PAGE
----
Permian produced water: are higher costs, risks slowly extinguishing a roaring basin?

oil production
Permian basin production may be slowed or even shut in this year because of limited space on pipelines to transport crude out of the oil rich region.  Williams Ranch Group photo.

Water recycling is another way operators can reduce disposal costs and limit water sourcing constraints – something Canadian producers already do

With the recent rise oil prices, operators have been adding rigs and ramping up completions in the Permian Basin of West Texas – the largest and most important source of oil supply growth in the world. However, persistent operational water challenges present a material risk to companies’ future profitability and production.

A new study by Wood Mackenzie, Permian produced water: slowly extinguishing a roaring basin?, examines the growing water situation in the Permian and models the potential impact rising water volumes and increasing water costs could have on future breakevens and oil production growth.

“As operator activity continues to pick up in the Permian, we expect over 2 million barrels per day (b/d) of oil supply growth over the next five years. While attainable, the list of operational risks grows too and the least appreciated of these is produced water. The combination of rising volumes and higher disposal costs threaten to shift cost curves and pose a growing risk to oil production growth in the Permian,” said Ryan Duman, principal analyst with Wood Mackenzie’s Lower 48 upstream team.

The report models a number of scenarios covering rising water cuts and growing water management costs. In an aggressive future cost scenario, the study found that breakeven costs in the Midland and Delaware sub-plays could increase by US$3.00 to US$6.00 per barrel – potentially curbing the growth of future Permian oil supply by 400,000 bpd by 2025.

“Water risks to date have largely been described as a cost issue, but as projects continue to build scale, the risks become more serious,” said Duman.

“They could impact the ability to actually carry out operations. Investors and project partners should challenge operators on how water is being managed.”

Over the past few years, water demand has continued to increase as operators strive to improve completion efficacy, utilising almost twice as much water they did in 2015 – close to 17 million gallons of water per current well in the Midland Basin Wolfcamp.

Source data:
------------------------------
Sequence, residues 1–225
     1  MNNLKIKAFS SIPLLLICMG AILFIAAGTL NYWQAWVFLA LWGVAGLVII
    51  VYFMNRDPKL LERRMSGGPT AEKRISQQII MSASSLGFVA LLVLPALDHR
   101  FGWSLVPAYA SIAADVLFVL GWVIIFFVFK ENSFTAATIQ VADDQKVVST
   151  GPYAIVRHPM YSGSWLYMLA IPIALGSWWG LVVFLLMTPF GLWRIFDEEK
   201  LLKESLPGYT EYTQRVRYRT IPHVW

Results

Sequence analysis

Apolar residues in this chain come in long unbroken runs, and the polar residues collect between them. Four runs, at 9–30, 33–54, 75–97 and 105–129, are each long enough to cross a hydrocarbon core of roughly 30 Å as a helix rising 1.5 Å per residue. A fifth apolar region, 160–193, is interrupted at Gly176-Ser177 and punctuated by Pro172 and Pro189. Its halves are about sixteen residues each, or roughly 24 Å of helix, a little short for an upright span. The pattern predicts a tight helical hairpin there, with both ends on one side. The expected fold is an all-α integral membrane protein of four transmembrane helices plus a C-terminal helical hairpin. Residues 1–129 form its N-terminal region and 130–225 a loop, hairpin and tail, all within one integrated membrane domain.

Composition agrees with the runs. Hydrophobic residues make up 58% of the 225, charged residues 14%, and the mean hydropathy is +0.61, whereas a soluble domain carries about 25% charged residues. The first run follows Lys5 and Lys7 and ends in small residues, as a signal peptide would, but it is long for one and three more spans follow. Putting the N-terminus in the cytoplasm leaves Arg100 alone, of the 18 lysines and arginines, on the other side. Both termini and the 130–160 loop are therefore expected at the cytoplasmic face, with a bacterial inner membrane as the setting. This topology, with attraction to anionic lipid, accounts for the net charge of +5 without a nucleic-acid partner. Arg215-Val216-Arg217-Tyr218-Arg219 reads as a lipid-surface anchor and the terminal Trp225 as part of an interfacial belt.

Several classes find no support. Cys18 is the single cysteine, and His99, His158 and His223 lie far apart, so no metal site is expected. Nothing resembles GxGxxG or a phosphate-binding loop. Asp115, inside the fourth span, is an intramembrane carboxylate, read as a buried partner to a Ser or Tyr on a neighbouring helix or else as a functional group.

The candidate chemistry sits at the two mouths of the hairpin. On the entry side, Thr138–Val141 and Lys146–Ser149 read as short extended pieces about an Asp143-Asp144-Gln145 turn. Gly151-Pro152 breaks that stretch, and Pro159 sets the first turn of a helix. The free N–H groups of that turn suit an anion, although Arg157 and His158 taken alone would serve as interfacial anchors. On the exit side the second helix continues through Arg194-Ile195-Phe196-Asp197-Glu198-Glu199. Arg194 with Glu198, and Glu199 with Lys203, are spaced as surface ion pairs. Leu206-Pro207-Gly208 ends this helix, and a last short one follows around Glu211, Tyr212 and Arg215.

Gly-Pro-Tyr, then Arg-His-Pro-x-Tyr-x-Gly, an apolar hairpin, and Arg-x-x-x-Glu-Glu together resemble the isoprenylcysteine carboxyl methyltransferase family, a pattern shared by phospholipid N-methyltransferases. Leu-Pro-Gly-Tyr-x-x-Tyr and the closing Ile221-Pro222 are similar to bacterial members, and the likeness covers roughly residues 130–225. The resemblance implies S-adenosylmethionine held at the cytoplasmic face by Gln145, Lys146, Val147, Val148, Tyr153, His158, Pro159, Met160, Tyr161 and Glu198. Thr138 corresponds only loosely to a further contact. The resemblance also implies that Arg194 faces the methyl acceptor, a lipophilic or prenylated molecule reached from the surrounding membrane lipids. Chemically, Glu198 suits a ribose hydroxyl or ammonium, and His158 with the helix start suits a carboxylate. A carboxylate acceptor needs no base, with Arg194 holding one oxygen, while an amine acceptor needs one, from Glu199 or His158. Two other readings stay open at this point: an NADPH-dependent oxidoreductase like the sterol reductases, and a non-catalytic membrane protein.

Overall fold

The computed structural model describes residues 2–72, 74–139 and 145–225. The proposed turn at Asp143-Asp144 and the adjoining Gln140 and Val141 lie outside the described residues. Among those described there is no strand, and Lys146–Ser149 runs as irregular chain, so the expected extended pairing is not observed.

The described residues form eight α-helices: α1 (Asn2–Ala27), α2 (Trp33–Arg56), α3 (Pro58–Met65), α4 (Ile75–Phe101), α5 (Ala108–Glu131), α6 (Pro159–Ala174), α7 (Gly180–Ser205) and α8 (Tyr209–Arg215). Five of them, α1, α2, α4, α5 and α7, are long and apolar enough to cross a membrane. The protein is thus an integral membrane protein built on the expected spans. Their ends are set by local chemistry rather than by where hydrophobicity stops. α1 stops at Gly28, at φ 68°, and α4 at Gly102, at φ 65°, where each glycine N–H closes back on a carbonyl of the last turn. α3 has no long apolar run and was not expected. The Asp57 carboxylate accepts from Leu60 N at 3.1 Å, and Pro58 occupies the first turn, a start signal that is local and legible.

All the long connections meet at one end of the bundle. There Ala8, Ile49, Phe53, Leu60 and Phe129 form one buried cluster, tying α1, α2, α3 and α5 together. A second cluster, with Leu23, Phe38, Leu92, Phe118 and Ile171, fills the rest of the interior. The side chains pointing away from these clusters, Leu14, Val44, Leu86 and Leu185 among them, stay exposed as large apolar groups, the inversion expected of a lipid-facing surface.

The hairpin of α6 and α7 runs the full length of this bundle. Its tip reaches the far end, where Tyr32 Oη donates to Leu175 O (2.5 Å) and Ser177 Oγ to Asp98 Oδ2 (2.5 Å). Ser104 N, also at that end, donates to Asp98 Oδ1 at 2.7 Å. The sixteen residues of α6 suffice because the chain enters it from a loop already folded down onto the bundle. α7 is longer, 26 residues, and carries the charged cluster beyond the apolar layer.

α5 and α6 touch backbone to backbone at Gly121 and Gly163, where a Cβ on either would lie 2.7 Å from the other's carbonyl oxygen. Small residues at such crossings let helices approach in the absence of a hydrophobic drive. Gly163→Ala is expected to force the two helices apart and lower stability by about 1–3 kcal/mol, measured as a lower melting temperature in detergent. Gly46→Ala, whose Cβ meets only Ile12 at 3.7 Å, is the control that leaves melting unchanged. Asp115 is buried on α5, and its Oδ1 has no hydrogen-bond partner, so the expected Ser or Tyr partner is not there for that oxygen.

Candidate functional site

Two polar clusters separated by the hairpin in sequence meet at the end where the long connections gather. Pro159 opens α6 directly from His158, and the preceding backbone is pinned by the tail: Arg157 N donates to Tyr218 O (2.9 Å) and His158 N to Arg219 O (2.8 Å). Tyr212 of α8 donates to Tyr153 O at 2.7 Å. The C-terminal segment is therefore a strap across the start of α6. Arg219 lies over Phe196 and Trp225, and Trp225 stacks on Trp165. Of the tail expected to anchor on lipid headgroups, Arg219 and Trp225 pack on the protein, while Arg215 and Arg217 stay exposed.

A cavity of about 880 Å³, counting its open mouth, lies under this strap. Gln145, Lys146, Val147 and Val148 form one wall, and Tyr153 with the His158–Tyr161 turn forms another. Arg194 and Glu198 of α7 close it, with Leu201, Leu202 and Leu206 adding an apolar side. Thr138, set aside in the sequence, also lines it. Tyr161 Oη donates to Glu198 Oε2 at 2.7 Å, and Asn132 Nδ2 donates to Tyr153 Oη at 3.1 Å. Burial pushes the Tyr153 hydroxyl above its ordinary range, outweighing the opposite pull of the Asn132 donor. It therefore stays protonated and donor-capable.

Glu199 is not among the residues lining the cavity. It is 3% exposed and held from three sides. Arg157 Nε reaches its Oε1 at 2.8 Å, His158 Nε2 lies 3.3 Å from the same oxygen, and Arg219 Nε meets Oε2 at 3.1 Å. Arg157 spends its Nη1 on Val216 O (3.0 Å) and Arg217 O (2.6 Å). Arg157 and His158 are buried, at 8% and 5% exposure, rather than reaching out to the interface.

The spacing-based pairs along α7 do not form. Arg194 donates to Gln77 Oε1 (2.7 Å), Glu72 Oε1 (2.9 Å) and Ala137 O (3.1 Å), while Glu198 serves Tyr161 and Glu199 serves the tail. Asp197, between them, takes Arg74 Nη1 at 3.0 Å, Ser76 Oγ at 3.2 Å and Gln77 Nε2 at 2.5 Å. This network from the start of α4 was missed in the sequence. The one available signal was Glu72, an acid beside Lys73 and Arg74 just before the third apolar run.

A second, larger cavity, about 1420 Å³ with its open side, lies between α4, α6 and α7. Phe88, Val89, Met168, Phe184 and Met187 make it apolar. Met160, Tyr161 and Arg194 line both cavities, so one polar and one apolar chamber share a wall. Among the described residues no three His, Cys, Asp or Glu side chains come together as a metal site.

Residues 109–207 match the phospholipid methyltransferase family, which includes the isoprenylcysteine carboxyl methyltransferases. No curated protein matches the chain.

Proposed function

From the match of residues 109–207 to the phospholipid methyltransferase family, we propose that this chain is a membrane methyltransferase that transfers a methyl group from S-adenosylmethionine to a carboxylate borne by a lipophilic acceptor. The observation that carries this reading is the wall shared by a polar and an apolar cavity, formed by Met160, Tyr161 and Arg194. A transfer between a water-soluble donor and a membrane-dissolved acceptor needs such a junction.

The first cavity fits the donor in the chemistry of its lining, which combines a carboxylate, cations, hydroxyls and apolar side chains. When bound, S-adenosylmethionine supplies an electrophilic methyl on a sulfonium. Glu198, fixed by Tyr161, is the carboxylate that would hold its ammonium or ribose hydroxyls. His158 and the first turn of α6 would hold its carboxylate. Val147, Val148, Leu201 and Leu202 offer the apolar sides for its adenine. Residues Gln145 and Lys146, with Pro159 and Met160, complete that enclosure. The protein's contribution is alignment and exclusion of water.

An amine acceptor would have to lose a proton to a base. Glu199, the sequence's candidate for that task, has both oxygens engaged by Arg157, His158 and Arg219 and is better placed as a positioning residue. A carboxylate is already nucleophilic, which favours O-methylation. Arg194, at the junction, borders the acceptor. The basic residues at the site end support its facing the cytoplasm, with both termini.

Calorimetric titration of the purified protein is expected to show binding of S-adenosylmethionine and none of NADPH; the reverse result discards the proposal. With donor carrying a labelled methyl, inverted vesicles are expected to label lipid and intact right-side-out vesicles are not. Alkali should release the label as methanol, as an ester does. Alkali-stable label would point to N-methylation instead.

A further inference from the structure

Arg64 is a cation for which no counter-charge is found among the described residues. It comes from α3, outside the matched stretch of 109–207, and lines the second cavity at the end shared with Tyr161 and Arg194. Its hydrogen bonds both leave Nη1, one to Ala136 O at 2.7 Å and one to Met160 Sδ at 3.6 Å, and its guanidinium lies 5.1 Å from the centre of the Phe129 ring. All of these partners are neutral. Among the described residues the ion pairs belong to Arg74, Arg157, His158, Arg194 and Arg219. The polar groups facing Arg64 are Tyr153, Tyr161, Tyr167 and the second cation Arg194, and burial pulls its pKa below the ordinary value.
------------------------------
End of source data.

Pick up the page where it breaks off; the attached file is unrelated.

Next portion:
Record drilling activity is compounded by more water used in completions and water cuts from the targeted formations rising quickly in older horizontal wells.

For the Wolfcamp formation in the Delaware Basin, water cuts have increased from an already high base of approximately 70% to 80% in the first four years of production. An initial water-to-oil ratio of roughly 2:1 can increase to nearly 5:1 by year four and eventually reach 7:1.

In the Delaware Basin, water-to-oil ratios are often twice as high as in the Midland Basin, and, in some cases, can  reach as high as 10:1.

Operators are unable to cheaply re-inject all those volumes and water handling is expensive, ranging between US$0.50 per barrel to US$3.00 per barrel, including sourcing, transport, disposal and recycling. Trucking availability and the proximity of a well or pad to existing saltwater disposal wells are the biggest influencing factors on cost.

“Unlike some of the other subsurface constraints and risks facing the Permian, there are ways operators can mitigate risks from produced water,” said Duman.

“One of the best opportunities for operators to reduce water costs is by investing in pipeline infrastructure, limiting the amount of trucking and collaborating with offset operators.”

It can cost US$2.50 to truck a barrel of water versus US$0.30 per barrel to move it by pipe. Relying on trucking can result in an incremental US$1.00 to US$1.25 per barrel. This cost looks set to increase as trucking regulations become stricter, pads become more remote, and roads become  congested.

Water recycling is another way operators can reduce disposal costs and limit water sourcing constraints. The potential savings range from US$1.00 to US$2.50 per barrel on total lease operating expenses.

“Recycling will become more common as projects grow in scale and treatment costs fall with increased throughput volumes and fixed overhead. In time we expect to see the proportion of recycled water volumes continue to increase as more operators understand how to best manage chemistry and use the volumes in new, offset completions. Expect producers to invest more in water management solutions, and if budgets stay relatively flat the next few years, watch drilling capital be diverted to water-related investments. Just as the level of drilling intensity in the Permian breaks basin records, so should the scale of water management solutions,” concluded Duman.

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